By Michele Gershberg
WILMINGTON, Del., March 11 (Reuters) - Liberty Media Chief Executive Greg Maffei on Tuesday said he and Chairman John Malone disagreed for more than a year about whether they could wrest control of IAC/InterActiveCorp from mogul Barry Diller.
But that didn’t stop Maffei from making his case to Wall Street in private discussions, saying Diller’s right to vote Liberty’s controlling 62 percent stake was not ironclad, Maffei told a Delaware court. Liberty owns about 30 percent of IAC, but has voting control through a class of super-voting shares.
The proxy agreement between Liberty and IAC IACI.O Chairman and CEO Diller is at the heart of a trial between the companies in Delaware Chancery Court. They are fighting over Diller’s proposal to reconfigure IAC by spinning off four of its main units in a way that would dilute Liberty’s voting power over the businesses.
“When asked the question of whether that proxy was irrevocable or not, I tried to maintain the position that there were arguments under which that proxy could be revoked,” Maffei told the court under questioning from IAC’s lawyer, Marc Wolinsky of Wachtell, Lipton, Rosen & Katz.
Maffei said he had maintained that position in discussions with analysts and investors, though the company did not make the idea public in a regulatory filing.
Maffei also acknowledged that Malone did not agree with the idea, which stemmed from a review of the original control agreements forged between Liberty’s chairman and Diller.
He was called to the stand by IAC, which has stressed a history of personal disagreement between Maffei and Diller as a key factor in the unraveling ties with Liberty. Liberty has argued that it aims to preserve the value of its IAC holding after years of seeing the shares lag the Nasdaq.
Maffei also had a disagreement over options he held in Expedia (EXPE.O), the online travel company he helped sell to IAC. It was later spun off.
After Maffei was named CEO of Liberty in late 2005, he informed the board that he could still come into legal conflict with IAC and Diller over the options that had at the time been worth close to $28 million.
“It would be difficult to sue those companies (IAC and Expedia) in this condition, so I’ve let that potential claim remain out there and I’ve not yet acted on that,” Maffei said.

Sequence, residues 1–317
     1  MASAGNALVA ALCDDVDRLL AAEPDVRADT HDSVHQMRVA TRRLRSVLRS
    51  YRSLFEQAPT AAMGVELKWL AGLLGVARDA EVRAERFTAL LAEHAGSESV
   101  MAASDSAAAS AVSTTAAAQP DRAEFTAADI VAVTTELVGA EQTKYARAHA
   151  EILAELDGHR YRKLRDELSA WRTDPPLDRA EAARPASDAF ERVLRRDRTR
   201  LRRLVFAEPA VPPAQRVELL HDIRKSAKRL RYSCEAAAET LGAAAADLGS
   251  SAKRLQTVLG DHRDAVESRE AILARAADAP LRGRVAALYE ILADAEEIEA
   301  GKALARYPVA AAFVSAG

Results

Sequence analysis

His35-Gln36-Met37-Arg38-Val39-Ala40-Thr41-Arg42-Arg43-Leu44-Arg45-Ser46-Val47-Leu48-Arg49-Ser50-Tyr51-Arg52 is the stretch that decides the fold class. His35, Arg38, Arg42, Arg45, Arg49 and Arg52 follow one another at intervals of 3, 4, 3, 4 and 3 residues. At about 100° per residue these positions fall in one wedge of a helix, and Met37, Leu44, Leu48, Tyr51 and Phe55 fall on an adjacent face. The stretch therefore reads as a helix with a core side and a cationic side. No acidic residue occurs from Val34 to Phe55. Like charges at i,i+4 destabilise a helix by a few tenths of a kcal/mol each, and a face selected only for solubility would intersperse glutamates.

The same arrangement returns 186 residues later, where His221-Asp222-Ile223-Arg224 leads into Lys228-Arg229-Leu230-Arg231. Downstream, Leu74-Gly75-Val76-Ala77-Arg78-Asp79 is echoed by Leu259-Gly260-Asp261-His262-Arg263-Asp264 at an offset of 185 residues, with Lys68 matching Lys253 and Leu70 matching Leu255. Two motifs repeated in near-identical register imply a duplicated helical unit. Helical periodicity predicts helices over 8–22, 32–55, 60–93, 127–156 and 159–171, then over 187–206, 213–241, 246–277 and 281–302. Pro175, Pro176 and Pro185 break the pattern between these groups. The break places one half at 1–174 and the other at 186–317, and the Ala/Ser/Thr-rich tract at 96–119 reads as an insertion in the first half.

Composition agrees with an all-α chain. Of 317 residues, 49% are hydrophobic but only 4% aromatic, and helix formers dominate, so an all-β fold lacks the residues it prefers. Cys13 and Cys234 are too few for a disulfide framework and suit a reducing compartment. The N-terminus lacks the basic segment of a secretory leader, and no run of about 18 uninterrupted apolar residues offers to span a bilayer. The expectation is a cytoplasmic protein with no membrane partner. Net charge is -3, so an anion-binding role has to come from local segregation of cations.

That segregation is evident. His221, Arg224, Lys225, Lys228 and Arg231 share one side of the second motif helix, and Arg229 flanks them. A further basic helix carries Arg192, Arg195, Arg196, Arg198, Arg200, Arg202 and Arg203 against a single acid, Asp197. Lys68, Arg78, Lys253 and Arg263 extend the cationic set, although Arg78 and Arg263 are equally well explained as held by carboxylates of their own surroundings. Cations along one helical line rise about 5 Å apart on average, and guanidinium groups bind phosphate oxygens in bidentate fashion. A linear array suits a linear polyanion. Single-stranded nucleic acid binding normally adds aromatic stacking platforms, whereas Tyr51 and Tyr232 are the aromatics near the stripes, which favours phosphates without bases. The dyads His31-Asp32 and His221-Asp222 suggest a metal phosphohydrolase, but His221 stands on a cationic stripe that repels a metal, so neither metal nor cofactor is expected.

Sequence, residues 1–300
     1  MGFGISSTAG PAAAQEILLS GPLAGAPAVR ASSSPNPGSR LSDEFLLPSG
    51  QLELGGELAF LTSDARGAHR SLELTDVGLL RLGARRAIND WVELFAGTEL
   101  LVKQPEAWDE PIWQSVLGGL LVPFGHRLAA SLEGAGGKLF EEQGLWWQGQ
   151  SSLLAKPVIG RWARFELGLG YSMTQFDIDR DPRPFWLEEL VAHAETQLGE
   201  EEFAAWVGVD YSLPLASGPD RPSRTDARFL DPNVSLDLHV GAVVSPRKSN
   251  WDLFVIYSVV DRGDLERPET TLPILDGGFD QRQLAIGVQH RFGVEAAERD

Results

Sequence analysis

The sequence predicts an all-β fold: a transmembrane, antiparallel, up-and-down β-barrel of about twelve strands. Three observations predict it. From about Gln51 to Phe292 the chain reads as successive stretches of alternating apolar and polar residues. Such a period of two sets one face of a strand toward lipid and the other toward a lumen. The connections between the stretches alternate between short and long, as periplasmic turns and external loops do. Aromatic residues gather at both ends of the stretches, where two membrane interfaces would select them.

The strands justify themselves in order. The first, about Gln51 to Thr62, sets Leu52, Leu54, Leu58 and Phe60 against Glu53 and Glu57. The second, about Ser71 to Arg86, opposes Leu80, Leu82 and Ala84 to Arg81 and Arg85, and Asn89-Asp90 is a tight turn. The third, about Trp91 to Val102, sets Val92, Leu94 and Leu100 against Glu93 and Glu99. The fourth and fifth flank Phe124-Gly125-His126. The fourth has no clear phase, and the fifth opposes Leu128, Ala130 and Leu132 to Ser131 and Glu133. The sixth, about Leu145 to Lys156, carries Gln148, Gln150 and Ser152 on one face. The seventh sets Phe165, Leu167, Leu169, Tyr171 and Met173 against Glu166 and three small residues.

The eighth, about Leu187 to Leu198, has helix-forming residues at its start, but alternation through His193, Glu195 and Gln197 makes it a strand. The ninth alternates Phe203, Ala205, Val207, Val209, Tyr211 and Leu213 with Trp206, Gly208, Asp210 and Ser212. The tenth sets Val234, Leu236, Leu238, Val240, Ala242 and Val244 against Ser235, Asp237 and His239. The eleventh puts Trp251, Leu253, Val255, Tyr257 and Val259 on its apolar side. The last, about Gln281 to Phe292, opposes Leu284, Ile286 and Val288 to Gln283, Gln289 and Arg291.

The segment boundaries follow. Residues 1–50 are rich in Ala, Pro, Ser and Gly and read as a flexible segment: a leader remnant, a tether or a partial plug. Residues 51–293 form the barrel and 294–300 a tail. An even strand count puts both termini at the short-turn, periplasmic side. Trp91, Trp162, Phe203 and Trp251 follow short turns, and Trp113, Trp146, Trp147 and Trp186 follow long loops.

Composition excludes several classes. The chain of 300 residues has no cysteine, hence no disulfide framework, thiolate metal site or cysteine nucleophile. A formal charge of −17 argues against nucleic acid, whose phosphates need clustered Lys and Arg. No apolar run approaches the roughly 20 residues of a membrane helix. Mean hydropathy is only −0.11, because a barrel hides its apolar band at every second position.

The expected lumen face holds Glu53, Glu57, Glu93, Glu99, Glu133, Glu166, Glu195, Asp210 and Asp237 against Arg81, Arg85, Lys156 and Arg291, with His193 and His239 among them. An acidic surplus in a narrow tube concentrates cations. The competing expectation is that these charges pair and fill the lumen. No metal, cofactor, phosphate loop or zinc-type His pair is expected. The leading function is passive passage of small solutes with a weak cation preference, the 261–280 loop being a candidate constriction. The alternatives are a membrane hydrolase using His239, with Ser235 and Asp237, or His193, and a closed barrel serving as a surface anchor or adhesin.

Diller has asked the court to uphold his right to vote Liberty’s shares, while Liberty has accused Diller of violating their proxy agreement and demanded his ouster, along with six other members of the IAC board.
Liberty lawyers had raised the idea more than a year ago that Diller’s control of the voting stake stemmed not from the proxy but from his position as sole director of a group of companies named BDTV, through which Liberty owns IAC shares.
Malone told the court on Monday he had discussed the view with Diller in May 2006. Malone described that line of thinking as “brain damage” because it did not reflect the original deal between the two men or match the way he had presented it to the public for some 10 years.
“I remember he was not particularly supportive of the argument,” Maffei said. “Because Dr. Malone wasn’t really willing to support it, we never used the threat until such time as he (Diller) sued us.”
Liberty invoked the BDTV argument when the two sides sued each other in January. It named Maffei to replace Diller as sole director of the companies but dropped the claim last week.
After more than a year of inconclusive talks with Liberty on an asset swap centered on IAC’s shopping channel HSN, Diller proposed last November that IAC split off four of its businesses and focus on faster-growing Internet media and advertising operations.
Malone initially backed the idea, but opposed it when Diller said the spinoffs should have a single-tier share structure to make them attractive to investors. The plan would cut Liberty’s control over them by nearly half.
Diller is due to testify later in the week. Vice Chancellor Stephen Lamb is expected to issue a ruling on the case within two to three weeks of the end of the trial.
Some analysts expect that even after the trial, the two sides will agree to swap HSN, and possibly one other unit, to Liberty in return for Liberty’s stake in IAC. The other proposed IAC spinoffs are the LendingTree mortgage site, Ticketmaster box office service and Interval time-share exchange.
IAC shares have fallen 21 percent since the current lawsuits were filed. They closed 2.8 percent higher at $19.55 on Tuesday. Liberty Media’s Liberty Interactive shares rose 5.5 percent to $15.44. (Editing by Gary Hill)